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La (Mal)inche

The Phoenician alphabet rides waves

on the backs of the dispossessed,

the engraved and etched,

the plumas and pen markings

from birds and muscle memories

of braids weaving oral histories

as wide as the Chicxulub crater—

the Florentine Codex awaits us.

Bernadino de Sahagún’s great grandson

fifty times over still squirrels away

a monolingual rendition of Las Américas

where his codex has been renamed

yet coded into caravel(a)s, sailing

ships gliding on cosmic photon winds.

They called her La Malinche,

so I call myself the treacherous

translator, Tenepal, creator

of malware that tastes of las

llamas, flames the Inquisition

could never put out;

las llamas del altiplano,

las llamadas de mi pueblo.

The highland llamas,

the calls of my town,

boarding documents

I forged with a name

that only returns on

el Día de los Muertos.

Her blood runs through my veins, too.

I cannot soportar, tolerate

the diction of one lengua.

My language requires a flotilla

for safe crossing.

I will ride on past the Antilles,

the farthest shores of the Galápagos,

into the stellar firmament where

stray particles become ones and zeros

and the hacker Malinche once was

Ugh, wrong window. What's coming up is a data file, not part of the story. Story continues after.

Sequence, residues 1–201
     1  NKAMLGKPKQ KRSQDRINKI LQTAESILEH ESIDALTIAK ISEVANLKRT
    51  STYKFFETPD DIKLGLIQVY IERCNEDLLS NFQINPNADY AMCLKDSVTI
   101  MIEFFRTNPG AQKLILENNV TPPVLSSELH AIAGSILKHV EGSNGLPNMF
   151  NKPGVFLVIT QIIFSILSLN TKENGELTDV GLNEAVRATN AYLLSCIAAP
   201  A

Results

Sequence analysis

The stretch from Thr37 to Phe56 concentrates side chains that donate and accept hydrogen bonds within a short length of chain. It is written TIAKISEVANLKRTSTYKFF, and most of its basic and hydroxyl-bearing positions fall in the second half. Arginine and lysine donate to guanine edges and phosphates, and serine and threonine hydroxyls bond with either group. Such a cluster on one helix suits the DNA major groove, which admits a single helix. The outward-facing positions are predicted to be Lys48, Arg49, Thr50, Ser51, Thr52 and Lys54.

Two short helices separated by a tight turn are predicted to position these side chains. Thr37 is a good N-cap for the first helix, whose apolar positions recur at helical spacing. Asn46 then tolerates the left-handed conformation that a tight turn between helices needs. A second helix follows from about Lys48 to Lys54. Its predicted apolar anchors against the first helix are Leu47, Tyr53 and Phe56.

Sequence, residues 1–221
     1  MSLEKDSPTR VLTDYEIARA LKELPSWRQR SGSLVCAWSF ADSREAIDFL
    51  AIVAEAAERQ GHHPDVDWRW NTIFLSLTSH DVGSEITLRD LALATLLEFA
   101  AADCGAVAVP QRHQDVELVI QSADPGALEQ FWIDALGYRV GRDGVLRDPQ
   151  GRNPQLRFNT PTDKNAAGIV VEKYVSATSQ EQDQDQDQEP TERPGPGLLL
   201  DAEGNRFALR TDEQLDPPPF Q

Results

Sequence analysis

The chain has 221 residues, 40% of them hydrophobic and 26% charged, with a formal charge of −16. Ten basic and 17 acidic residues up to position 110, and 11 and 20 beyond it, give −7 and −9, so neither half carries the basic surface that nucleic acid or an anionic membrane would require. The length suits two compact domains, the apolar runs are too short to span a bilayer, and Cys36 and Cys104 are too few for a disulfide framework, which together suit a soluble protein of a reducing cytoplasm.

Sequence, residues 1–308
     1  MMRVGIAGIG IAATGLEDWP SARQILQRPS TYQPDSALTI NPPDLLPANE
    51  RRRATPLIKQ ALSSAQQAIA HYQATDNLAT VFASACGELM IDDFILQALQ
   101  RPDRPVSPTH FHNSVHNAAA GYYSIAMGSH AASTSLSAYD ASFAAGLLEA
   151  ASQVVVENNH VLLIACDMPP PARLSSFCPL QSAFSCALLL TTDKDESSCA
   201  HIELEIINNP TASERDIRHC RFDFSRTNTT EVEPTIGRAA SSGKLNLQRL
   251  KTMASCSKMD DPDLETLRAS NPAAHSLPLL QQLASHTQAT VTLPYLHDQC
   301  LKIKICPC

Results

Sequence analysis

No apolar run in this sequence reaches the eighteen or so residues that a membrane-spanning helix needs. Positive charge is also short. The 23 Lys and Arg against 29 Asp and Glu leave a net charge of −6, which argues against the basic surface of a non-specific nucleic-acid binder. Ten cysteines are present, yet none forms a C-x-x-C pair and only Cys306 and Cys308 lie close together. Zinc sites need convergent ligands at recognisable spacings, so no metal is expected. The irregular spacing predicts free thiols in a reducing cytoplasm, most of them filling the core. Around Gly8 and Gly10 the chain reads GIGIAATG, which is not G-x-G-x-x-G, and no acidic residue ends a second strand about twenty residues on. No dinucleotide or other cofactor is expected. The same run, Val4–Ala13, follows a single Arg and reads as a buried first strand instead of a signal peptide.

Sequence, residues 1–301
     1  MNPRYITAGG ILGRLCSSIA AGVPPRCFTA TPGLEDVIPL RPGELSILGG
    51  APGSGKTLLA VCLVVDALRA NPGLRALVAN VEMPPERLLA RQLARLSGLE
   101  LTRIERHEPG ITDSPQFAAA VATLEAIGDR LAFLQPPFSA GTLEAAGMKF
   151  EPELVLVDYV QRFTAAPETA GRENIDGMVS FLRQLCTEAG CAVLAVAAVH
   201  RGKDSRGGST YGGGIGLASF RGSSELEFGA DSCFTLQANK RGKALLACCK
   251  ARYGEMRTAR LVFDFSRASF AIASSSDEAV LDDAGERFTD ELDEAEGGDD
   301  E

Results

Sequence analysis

turns a dark canvas into a symphony

of Aztec boys and girls singing

corridos in bad mother tongues.

I vowed to be your Malinche,

malware in the system,

mother of many. They called

my offspring Mestizo, and so

I say their names in Spanglish,

tell them bedtime stories when

caravels foretold la Conquista,

an Age of Discovery.

La (Mal)inche foretells

other hypocrisies, little lies,

sips of wine from barrels wrought with

la mano de obra, la mano del colonizador,

la mano de la mujer, Spanish hands.

Who ever said Malinche was only woman,

only mortal, a ghost in the machine of syntax

we speak? Let her distill herself into morphemes

that leak softly from spaceborne vessels.

Let her roam por el ligero corriente del tiempo,

across the swift currents of time

into multilingual horizons.

Angela Acosta is a bilingual Latina poet currently teaching at Davidson College as a Visiting Assistant Professor of Hispanic Studies. Her Rhysling-nominated poetry has appeared in Shoreline of Infinity, Apparition Lit, Radon Journal, and Space & Time. She is author of the Elgin-nominated collection Summoning Space Travelers (Hiraeth Publishing, 2022) and A Belief in Cosmic Dailiness: Poems of a Fabled Universe (Red Ogre Review, 2023).

Radon Journal Issue 6 cover art
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